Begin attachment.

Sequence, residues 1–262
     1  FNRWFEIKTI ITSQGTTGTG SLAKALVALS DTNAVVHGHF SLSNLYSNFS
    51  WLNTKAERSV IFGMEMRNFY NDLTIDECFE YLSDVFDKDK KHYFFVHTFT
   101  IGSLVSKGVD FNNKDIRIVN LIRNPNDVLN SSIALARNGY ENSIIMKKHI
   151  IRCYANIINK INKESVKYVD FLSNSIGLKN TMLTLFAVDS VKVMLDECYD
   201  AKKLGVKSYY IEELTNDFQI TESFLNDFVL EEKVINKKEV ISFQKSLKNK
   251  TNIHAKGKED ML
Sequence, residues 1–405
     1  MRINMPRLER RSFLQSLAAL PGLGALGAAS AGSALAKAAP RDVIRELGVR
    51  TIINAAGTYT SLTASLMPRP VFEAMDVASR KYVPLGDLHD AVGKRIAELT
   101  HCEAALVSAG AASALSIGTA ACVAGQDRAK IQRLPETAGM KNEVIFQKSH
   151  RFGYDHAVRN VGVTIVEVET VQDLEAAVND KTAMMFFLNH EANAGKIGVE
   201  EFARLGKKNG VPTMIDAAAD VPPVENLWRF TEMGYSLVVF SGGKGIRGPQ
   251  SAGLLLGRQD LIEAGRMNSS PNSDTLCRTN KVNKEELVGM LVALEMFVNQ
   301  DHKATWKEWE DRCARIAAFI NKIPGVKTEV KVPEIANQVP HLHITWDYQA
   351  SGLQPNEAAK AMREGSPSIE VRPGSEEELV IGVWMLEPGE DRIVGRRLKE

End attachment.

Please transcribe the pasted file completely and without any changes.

Sequence, residues 1–262
     1  FNRWFEIKTI ITSQGTTGTG SLAKALVALS DTNAVVHGHF SLSNLYSNFS
    51  WLNTKAERSV IFGMEMRNFY NDLTIDECFE YLSDVFDKDK KHYFFVHTFT
   101  IGSLVSKGVD FNNKDIRIVN LIRNPNDVLN SSIALARNGY ENSIIMKKHI
   151  IRCYANIINK INKESVKYVD FLSNSIGLKN TMLTLFAVDS VKVMLDECYD
   201  AKKLGVKSYY IEELTNDFQI TESFLNDFVL EEKVINKKEV ISFQKSLKNK
   251  TNIHAKGKED ML
Sequence, residues 1–405
     1  MRINMPRLER RSFLQSLAAL PGLGALGAAS AGSALAKAAP RDVIRELGVR
    51  TIINAAGTYT SLTASLMPRP VFEAMDVASR KYVPLGDLHD AVGKRIAELT
   101  HCEAALVSAG AASALSIGTA ACVAGQDRAK IQRLPETAGM KNEVIFQKSH
   151  RFGYDHAVRN VGVTIVEVET VQDLEAAVND KTAMMFFLNH EANAGKIGVE
   201  EFARLGKKNG VPTMIDAAAD VPPVENLWRF TEMGYSLVVF SGGKGIRGPQ
   251  SAGLLLGRQD LIEAGRMNSS PNSDTLCRTN KVNKEELVGM LVALEMFVNQ
   301  DHKATWKEWE DRCARIAAFI NKIPGVKTEV KVPEIANQVP HLHITWDYQA
   351  SGLQPNEAAK AMREGSPSIE VRPGSEEELV IGVWMLEPGE DRIVGRRLKE